Best Practices

Data Compliance & GDPR for Accountants: What You Need to Know

Discover the importance of GDPR and data compliance, and the steps your firm can take to secure your data today.

'GDPR’ and ‘data compliance’ are terms that can make your palms sweaty and your knees weak. You’re dealing with so much customer data every day, and you’re doing the right thing. You’re using technology to collect data to improve your business model and value offering. 

But now you’re being bombarded with new rules and regulations. 

If you’re feeling overwhelmed, let me tell you that you’re not alone.

Bloomberg reported companies now spend 6-10% of their revenue on compliance costs. For a good reason. Globalscape’s research showed that organisations lose $4 million (around £3.3 million) in revenue on average on a non-compliance event. 

So, what is data compliance in action? Can you align it with technology? Can you ensure you’re getting the most out of third-party tools without jeopardising your business?

You can! 

The secret is moving away from a culture of “can we” around data compliance and treating it as another way to create value

The importance of being compliant with data regulations

Keeping your clients’ information safe is essential not only as a matter of ethics but also as a matter of legality. 

I know it can be tempting to bury your head in the sand when things start getting complicated, but there are severe consequences to non-compliance with data protection legislation. Breaching data regulations could get the authorities on your tails. 

Protect your firm

Data protection breaches can cost your firm a lot of money. The EU GDPR has a maximum fine of about £18 million or 4% of annual global turnover for infringements.

Robust data compliance not only covers you from these costly fines but also protects your firm’s reputation. Continuous breaches or misuse of data will have your clients looking elsewhere.

Protect your clients

But why is data compliance important to your clients? Your accounting business works every day to protect your clients’ interests, and data compliance is just another form of this vital work. Losing your clients’ sensitive information can, directly and indirectly, hurt their business, too.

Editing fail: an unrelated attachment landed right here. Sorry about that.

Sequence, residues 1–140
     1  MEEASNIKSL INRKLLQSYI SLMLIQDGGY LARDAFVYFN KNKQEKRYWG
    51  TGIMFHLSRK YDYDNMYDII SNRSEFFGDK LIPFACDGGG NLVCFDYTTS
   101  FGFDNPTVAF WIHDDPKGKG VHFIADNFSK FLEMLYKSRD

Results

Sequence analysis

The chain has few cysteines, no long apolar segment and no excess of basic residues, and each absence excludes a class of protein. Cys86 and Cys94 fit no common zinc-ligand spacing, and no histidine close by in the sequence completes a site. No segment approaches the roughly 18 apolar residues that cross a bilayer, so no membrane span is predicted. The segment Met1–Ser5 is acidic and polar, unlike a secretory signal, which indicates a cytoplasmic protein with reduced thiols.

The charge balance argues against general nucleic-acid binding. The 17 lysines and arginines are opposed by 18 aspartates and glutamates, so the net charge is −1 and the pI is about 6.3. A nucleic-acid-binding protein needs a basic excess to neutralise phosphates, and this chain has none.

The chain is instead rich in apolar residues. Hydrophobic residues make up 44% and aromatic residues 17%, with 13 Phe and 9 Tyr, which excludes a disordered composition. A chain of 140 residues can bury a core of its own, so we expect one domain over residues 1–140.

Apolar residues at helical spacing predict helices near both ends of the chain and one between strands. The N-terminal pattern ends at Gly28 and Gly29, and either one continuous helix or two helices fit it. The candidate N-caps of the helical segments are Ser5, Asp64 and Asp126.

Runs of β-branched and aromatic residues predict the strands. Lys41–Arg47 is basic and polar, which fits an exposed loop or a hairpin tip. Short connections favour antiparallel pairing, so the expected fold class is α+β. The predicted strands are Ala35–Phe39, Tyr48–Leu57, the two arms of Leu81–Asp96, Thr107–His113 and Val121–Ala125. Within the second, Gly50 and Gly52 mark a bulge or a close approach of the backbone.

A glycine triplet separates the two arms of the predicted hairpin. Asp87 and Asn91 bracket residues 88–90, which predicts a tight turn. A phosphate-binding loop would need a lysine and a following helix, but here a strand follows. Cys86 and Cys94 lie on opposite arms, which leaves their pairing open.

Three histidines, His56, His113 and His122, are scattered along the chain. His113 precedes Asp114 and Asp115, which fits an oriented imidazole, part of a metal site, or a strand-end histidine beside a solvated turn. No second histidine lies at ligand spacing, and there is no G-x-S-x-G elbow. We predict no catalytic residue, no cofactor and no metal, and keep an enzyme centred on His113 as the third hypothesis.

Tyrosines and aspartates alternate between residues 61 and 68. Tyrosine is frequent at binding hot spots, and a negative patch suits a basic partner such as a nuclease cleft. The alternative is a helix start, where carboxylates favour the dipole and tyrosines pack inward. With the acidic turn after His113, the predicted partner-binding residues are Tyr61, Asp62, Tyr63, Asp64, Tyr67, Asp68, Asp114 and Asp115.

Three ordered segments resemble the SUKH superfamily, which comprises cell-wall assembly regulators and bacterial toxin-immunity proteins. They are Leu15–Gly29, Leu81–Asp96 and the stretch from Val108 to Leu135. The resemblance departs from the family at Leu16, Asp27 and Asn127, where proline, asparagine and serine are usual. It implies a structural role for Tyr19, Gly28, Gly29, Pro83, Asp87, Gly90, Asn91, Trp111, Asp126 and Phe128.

You might be in charge of their finances, but your clients have their clients to protect. Adhering to data regulations guarantees you won’t put your client at risk for compliance issues.

Laws and accounting standards to be aware of

Data compliance makes sense financially. It also helps you build a brand image and offer value. 

So, what are the laws and accounting standards you need to follow?


Perhaps the most talked about data regulation of the past decade. The GDPR is the General Data Protection Regulation, and it came into force on 25 May 2018. 

The key facts you should know about GDPR are that it:

  • Applies to all EEA countries and individuals or organisations trading with them
  • Applies to personal data, which is data that relates to a living individual and who can be identified from the data and any other information in possession of the data controller
  • Sets responsibilities for data processors and controllers, with an accountancy firm typically considering both

GDPR compliance boils down to three basic principles you must follow: 

  • Obtain consent
  • Minimise the amount you hold
  • Ensure the rights of data subjects

As an accountant, you typically possess two types of personal data: client data and firm data. You have to maintain records of data processing activities, identify and document the basis for data processing, and inform any data breach to parties. The regulation means certain breaches must be reported to the Information Commissioner’s Office (ICO) within 72 hours.